This book outlines the tactics that were historically used in civilizations around the world to restrict the power of once-revered goddesses. Mythology offers a plethora of material that shows goddesses purposefully being demoted into lesser positions of authority. Many myths articulate why once formidable goddesses lost their power, sometimes through violence. The Mesopotamian myth of Marduk and Tiamet, for example, shows the supreme Tiamet being slaughtered by her grandson Marduk, so that he can lead the pantheon. Other myths present stories of new goddesses who appear as remnants of once more powerful female divinities. For instance, in Greek and Indian mythology, once dominant earth mothers are separated into many lesser goddesses who hold subordinate positions to male deities. These lesser goddesses, like Hera, Aphrodite, Hestia, Lakshmi, Saraswati, Parvati, etc., possess qualities in line with patriarchal definitions of suitable feminine roles. Many religions and philosophies that still dominate the world today: Taoism, Confucianism, Buddhism, Hinduism, Judaism, Christianity, and Islam all historically incorporated the value of male divinity or spiritual authority as superior. For example, Semitic, Islamic, and Christian ideology revised goddess worship throughout much of the world, especially in times of conquest and colonization, as the strict ordinance that only one male divinity should be worshipped outright eliminated the reverence of primary and secondary goddesses in the belief systems of many cultures. In eradicating the worship of goddesses, or delineating the reverence of female sacrality to minor roles, these religions and philosophies subsequently often ostracized women from serving in sacred roles or envisioning themselves as heightened spiritual beings, and often led to innumerable social restrictions that kept women as subservient beings in many global cultures.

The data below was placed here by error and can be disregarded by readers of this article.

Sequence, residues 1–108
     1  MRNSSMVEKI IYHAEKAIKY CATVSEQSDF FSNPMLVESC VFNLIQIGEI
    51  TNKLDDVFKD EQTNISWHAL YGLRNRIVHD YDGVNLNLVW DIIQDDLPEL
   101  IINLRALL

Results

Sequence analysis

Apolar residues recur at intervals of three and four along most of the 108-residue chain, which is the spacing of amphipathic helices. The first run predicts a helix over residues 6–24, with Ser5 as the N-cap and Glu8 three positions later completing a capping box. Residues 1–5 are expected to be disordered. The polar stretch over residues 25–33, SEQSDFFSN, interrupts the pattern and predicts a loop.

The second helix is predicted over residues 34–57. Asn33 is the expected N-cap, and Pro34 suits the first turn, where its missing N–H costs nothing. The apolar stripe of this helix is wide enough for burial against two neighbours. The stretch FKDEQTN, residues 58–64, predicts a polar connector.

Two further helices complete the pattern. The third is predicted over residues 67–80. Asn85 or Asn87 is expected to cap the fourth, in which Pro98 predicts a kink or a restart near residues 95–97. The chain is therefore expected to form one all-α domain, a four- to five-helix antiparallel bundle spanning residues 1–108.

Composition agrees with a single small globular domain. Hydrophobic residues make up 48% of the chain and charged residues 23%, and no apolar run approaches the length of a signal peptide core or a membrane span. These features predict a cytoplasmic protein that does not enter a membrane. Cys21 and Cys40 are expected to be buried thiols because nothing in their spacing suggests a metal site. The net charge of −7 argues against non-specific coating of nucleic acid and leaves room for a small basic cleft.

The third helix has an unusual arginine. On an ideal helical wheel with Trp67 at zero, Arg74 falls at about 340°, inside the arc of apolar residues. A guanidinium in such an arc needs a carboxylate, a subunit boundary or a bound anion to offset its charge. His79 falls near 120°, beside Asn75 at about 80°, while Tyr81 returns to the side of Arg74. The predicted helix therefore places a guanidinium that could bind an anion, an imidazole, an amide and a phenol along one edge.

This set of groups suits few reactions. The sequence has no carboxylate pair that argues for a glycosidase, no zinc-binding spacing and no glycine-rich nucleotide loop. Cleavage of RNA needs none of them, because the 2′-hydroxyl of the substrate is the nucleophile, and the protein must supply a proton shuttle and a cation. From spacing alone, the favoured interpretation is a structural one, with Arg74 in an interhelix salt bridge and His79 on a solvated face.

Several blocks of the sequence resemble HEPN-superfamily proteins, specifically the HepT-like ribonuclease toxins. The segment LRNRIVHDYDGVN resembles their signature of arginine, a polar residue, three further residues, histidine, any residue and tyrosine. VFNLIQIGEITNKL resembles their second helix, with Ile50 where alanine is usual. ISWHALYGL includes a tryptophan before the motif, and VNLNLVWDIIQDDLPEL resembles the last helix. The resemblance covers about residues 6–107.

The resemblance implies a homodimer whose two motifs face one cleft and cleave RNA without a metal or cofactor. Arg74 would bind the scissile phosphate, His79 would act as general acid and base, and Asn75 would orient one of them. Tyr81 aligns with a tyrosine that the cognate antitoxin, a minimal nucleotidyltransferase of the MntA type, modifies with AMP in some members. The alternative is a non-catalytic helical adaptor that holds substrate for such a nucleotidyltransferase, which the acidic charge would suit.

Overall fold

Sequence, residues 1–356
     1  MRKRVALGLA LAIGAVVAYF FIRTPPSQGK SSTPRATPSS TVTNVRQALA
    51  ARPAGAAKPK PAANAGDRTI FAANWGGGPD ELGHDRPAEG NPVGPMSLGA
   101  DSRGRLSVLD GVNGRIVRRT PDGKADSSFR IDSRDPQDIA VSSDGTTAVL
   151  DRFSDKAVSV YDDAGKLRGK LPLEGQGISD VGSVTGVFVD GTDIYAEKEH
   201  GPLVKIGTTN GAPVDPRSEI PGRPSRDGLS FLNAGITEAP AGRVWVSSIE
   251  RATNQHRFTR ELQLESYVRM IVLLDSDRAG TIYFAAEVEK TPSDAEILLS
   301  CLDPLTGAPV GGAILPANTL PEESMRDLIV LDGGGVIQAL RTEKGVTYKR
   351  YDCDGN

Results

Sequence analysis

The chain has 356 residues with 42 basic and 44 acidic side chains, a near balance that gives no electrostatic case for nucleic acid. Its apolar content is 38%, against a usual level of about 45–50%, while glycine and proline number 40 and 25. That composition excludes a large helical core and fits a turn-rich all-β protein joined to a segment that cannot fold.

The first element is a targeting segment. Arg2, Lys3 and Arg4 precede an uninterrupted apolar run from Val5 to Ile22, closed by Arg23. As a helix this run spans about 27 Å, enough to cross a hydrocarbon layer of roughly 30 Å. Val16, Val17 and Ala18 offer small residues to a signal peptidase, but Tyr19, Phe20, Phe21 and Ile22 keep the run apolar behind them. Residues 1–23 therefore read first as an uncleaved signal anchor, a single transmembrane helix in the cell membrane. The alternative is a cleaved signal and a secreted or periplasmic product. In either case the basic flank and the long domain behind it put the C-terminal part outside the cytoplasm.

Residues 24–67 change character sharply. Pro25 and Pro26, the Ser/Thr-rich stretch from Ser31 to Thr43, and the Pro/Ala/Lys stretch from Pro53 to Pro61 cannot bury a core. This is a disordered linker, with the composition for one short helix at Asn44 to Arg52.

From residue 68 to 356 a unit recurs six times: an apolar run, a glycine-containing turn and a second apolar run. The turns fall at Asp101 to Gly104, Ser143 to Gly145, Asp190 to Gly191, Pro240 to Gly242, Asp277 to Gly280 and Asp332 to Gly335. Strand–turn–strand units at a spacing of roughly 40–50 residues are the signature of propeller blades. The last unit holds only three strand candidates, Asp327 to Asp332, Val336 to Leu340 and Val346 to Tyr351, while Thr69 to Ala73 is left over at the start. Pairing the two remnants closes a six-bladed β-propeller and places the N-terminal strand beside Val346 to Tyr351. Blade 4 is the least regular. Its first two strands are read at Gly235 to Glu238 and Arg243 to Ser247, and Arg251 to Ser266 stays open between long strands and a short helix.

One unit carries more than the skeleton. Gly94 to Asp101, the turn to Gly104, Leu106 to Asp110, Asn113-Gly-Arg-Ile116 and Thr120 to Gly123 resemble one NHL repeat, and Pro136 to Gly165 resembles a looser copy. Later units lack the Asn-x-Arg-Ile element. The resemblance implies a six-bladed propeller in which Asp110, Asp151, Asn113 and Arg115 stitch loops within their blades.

When “the realm to what is sacred and divine—what is often humanity’s highest and most important conceptions about life—is envisioned as the domain of men, women miss the ability to fully nurture their own spiritual growth…. Without examples of females in divine or sacred roles, women exist without sufficient role models for their spiritual and social potential” (McCoppin, Goddess Lost, 6). Thus, Goddess Lost: How the Downfall of Female Deities Degraded Women’s Status in World Cultures, this book argues that “Patriarchy, in part, continues to exist in contemporary cultures because of the lack of knowledge women hold about their once powerful role within many global belief systems. Looking at historical and mythological examples when goddesses were worshipped as supreme beings and when women served as social and religious leaders in their communities, can educate people about an alternative history than what is often perpetuated by patriarchal principles. This book, therefore, strives to teach women about their long history of sacred importance as shamans, priestesses, warriors, administrators, regents, queens, pharaohs, and even goddesses” (McCoppin, Goddess Lost, 7).

In documenting the formidable past of divine and human women in this book, I hope that I have done what I can to help my children, and future generations who may come across this book, believe that envisioning of divinity and spirituality must include femininity, so that no limits are conceptualized on what women can achieve.   

Available to purchase on Amazon or McFarland Publishing